Northwest Arkansas Times from Fayetteville, Arkansas on April 7, 1952 · Page 7
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Northwest Arkansas Times from Fayetteville, Arkansas · Page 7

Fayetteville, Arkansas
Issue Date:
Monday, April 7, 1952
Page 7
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Page 7 article text (OCR)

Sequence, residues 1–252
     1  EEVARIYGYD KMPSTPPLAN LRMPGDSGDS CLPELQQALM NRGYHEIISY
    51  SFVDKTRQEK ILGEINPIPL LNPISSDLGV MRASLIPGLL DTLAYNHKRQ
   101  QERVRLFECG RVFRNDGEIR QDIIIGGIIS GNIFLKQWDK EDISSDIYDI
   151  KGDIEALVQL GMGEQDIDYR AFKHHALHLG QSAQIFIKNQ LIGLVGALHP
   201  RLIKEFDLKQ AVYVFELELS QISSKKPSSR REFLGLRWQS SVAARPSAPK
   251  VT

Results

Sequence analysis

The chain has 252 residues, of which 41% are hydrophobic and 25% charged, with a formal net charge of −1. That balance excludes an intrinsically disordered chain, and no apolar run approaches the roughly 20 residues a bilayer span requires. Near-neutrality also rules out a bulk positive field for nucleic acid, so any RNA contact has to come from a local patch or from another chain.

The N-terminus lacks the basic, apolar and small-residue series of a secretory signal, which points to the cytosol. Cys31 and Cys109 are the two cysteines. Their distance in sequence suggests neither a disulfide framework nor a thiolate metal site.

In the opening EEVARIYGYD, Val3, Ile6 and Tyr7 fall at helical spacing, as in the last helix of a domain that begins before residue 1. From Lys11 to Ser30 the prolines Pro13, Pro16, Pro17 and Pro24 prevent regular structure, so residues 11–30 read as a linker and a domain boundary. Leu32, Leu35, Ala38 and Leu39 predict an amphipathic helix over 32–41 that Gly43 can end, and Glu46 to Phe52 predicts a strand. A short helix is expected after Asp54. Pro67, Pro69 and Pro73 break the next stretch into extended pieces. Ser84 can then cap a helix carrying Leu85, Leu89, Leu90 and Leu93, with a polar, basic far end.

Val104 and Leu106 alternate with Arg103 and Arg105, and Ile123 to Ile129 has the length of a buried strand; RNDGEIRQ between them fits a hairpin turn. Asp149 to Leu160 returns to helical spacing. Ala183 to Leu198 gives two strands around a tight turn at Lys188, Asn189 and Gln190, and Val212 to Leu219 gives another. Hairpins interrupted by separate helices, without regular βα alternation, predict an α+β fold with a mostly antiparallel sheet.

Change In Defense Production Act Prepared By Fulbright Washington - (Special) - Senator .Fulbright (D-Ark) has prepared an amendment to the defense production act which he hopes will clarify the duties of the secretary of labor in regard to setting mini- ·mum wages in work done for the government under contracts of $10,000 or m o r e . Fulhright's amendment will be considered by the Senate Banking Committee. The senator will propose that * method be arranged for those ·who may think the secretary of labor is not following terms of the act correctly to get a judicial review. 'As explained by Senator .Fulbright's office, the amendment would permit a test in court if those challenging the secretary's activities should desire. At present this is not included in the act. Come In and See Us About Our Easy Payment Plan on Re-Modeling Your Home, Building New Garage, Chicken House or Milk Barns, etc. ALSO We Hove Old and New Phileo Refrigerators and Freezers Clifton Lumber Co. Phon« 27. Weit Fork, Ark. Go To Seed AT Brown Bros. When You Can Get Frwh Quality Seed Alio Biby Chicki Hatched Erttr Tu»id«T ind Fr!d«y WEST CENTER ST. FAYETTEVILLE Under terms of the present act, the secretary of labor is required to determine the minimum wage being paid in the various localities, but the senator's office says the secretary is defining "locality" as the entire continental United States. The amendment wou'ld call for separate determination of m i n i m u m wages in the various localities. Springdale The Rev. Arthur L. Hart of Bentonville, Bonton County associations! Baptist missionary, was the guest of the Rev. and Mrs. Earl Sherry Sunday. Mr. Hart is holding revival services this week at t h e Lowell Baptist Church, where Mr. Sherry is pastor. Mrs. Charles Byers is spending several weeks at Kansas City, Mo. She will be joined there by Free Book On Arthritis And Rheumatism HOW TO AVOID CRIPPLING DEFORMITIES An amazing newly enlarged 44- P ; g book entitled 'Rheumatism" will be stMt free to anyone who will write for it. It reveals why drugs and niedi- ·jines give only temporary relief a,-.d fail tr, remove the cause.-, of the trouble; expliins « proven specialized non-surgical, non- medical treatment which has proven successful for the past 33 years. . You incur no obligation in sending for this ins'ructive book. It may be the means of saving you years of untold misery. Write today to The Ball Clinic, Dept. ·i208, Kxcclsior Springs, Missouri NMTHWHT MKANiAS TIMIS, feyctttvilk, Arkam*. Atenday, April 7, IHI G I V E HEARING So Precious, Necessary and Helpful --No Finer Gift for nny Hnrd-of-Hnring Person lO-OAY RITURN MIVIU0I DIXIE RADIO her son-in-law and daughter, Dr. and Mrs. Robert Hopkins of Cleveland, Ohio. The children's story hour at the Public Library, stopped during the recent flu epidemic, was resumed Saturday morning with Mrs. Albert Hough in charge. The Springdale Riding Club met Saturday at the Civic Club| rooms in the library building to make preliminary plans for participation" in the 1952 Rodeo of the Ozarks. Evert Head, president of the club, presided over the meeting. The Ladies Country Club was entertained Friday afternoon by Mrs. Calvin Walker at the home of Mrs. D. E. Elcher. A dessert course was served by the hostess. The Washington Grade School Parent-Teacher Association met Friday afternoon to hear the guest speaker, the Rev. Bill Johnson, pastor of the Berry Street Baptist Church. Mrs. Herman Calico, president of the PTA, was in charge of the business meeting. Mrs. R. J. Lloyd, health chairman, made n report. The fifth grade mothers served refreshments at the close of the meeting. Mrs. Marion Fields was hostess to the Friendly Neighbors Club Thursday. Mrs. Nadine Fields and Mrs. Nina Fields were co-hostess. The Zion Mothers Club sponsored an open house at the 7.ion school Friday night and presented r short program. After the program s social hour was held and refreshments served. The Junior class of Springriale High School presented the three- act comedy. "Seventeen is Terrific," Friday night at the high school auditorium.. The play was directed by Scott Moore, sponsor of the class. The play \vas presented by 12 members of the junior class: Paul Shaffer, J i m m y Brooks, Florence Netherton. Nova Jean Fiori, Gaye Warren, Burlene Floyd, Jean Goughm, Louie Heerwagen, Melrcn Mathis, Collcnc Gay, Ed Walker and Bernadine Strickland. Several other students were on tlje production staff. The Rev. J. Ivey Miller, a returned missionary from Chile, was the guest speaker at both worship services of the First Baptist Church Sunday. Lt. Col. Donald McAllister, who has been assigned to the Dental College of the University of Illinois for the past two years as an instructor, will he relieved of that duty June 30. He is attached to Iho 12th Air Force and has been ordered to Camp Kilmer, N. J.. on August 2 for an overseas assignment Colonel McAllister is the son-in-law of Mrs. W. P. Hail of Springdale and the son of Mrs. B. F. McAllister of Fayetteville. Effie Mae McGinnis, Gary Allc Lindley, Joyce Wcldson, Jcrr Don Bradley, Barbara and Paul Baker, Charles : Helen Brown an Gerri Lea Gilbert were guests a a birthday party given in honor o Jeri Lynn Houston by her motho Mrs. Lymon Houston, Saturda, at their home on Christian Strei for her fifth birthday-. Favor ?iven were Easter eggs and bas Symphony Presents Romantic And Modern Program; Pales Is Conductor, Soloist FirePower more It's worth remembering that todny's Chrysler V-8 is not a "wormed-over" engine, but basically brand new . . . the first truly new type engine of modem titties. It does, indeed, open new horsepower potentials, but what it can mean to you goes way beyond just that.., FirePower gives your Rnsoline a tetter place lo uvrk . . . the first fiemitphrrical combustion chamber in a stock-car engine. It makes possible Wore power from every rlrnp of gag. You feel it the minute you open up a Chrysler, in greater accelerating pouxr than you've ever had (it your command... + FirePower is also a better-built engine throughout. It doesn't require premium fuel. It runs with lew waste, lent heat, lew wear, lorn carbon deposit than other type engines can do. More of your gasoline's energy is turned into actual ipnrf power, greater reserve for passing and top speeds when needed ... + Why not drive this revolutionary new-typo engine, and fml its wonderful difference for yourself? Let your Chrysler dealer show you how much mnre than horsepower your money can buy in the engine Chrysler hat designed from scratch to do an engine's job better, longer, and more efficiently than previoui tnfinea can hop* to do! rrinvoi nn UlluSlM THE FINEST CAI A M E R I C A HAS YET MODUCCD Phllllpi Motor Co., Inc., ttfl-621 N. (olkH *»., Fif»H«IH«, Ark. By BRUCE BENWARD The University Symphony Orchestra with Marx Pales as both soloist and conductor presented n balanced program of romantic nnd modern compositions yesterday in the concert hall of the Fine Arts Center. Guest conductor for one of the numbers was E. J. Marty, director of the Razorback Band. The program as n whole was well received and well played. The solo work by Mr. Pales in the Beethoven Romances particularly fitted the style of the music. His soft resonant tone had a certain warmth which blended well with the orchestra. The orchestra itfolf had ? hard lime sell ing started; moreover, i the Beethoven Contra-danccs re-1 | quire extremely delicate inter- [ prctatinn, and it seemed t h a t the group was unable to cope with the dynamic contrasts necessary for n completely satisfying performance. The p 1 a y 1 n R in j t h i s number larked the punch and I drive evidenced in the first concert of the year. The Intermezzo from the "Hary Janos" Suite by Korialy was quite | another mnlter. Despite *;ome rather ragged sections the orchestra Rave a spirited reading of this ' modern composition, and the composite effect was very pleasing. Some neat solo work by Nea! Wirider, Roger \Virtder, Glenn Bowen, and L'dmuiri M a r t y adder! support lo the lively rending. " A f t e r intermission came the "Romantic" Symphony by the contemporary American compos-j Morriltmi. A r k . -(/?- Hatesx... cr. Howard Hanson. This work i* j High .Schmil Is the new prpsidon moot! of the composition. The concert was a benefit performance to rrii^c funds fur or- ^hexlia a'holarships next yr;ir. 'Student Council State ! Session Scheduled Here I Th* IF. S. M»rin« Corps will I celebrate its 177th inniveriary* I November 10. ;952. 7 : j · ·-.. _ ·· V An outilandinf fluvor-- JunHf Roman Menl Bread 11-19-Jf" a favorite of audiences everywhere because it contains few of the arrid dissonances customarily encountered In mu«ic written by modern serious composers. Hanson's music sounds very much like Sibelius, and in many respects it i." as good or better. Since it is by no means easy to play, the Univer sily Symphony drsscrves of the Arkansas Association of Student Council.". Tuckcrman wa* elected vice president and Fay- ettcville, secret,try-treasurer, at the group's meeting hrrr Saturday. S The ]f)S^ convention will be h e l d ; 9t Favettevillc. ; THANK 'tCAVeNSIUoftitUekiftMJuHief* indijtntnin. When n itrtkei. tik« IblMM !«b:*f2 c o n t a i n ihf fiitfit-ietta^ m«d!rln*. k n o w n (o tocuiri for tht ftilff ff. h t a r l b u r n . tn ind t'.tnlUr dlitrew. 3*f, ,... noH 1 Hot stars like the sun arf b«?- ' lirved tn maintain their heal by ! measure of praise for a solid nnd t h e conversion of hydroRen i n t n intelligent rending of the work. ! h r l l u t n , thn same process that may Mr. Pales' tempos were- ypnsible , someday be used in a hydrogen; ;md quite* in keeping with the ' bomb. I St.Joseph ASPIRIN 100 TABLET BOTTU, ONLY flC Cook's Annual Close-Out SALE WALLPAPER SAUSTAKTS TOMORROW mti CHOOSE FROM MORE THAN 115 DECORATOR DESKNS ALL ARE NON-FAMNC COLORS-MANY WATWfAST COME SEE THESE OUTSTANDING PATTERNS FOR ?/ERY ROOM OF YOUR HOME AT GREAT SAVINGS! 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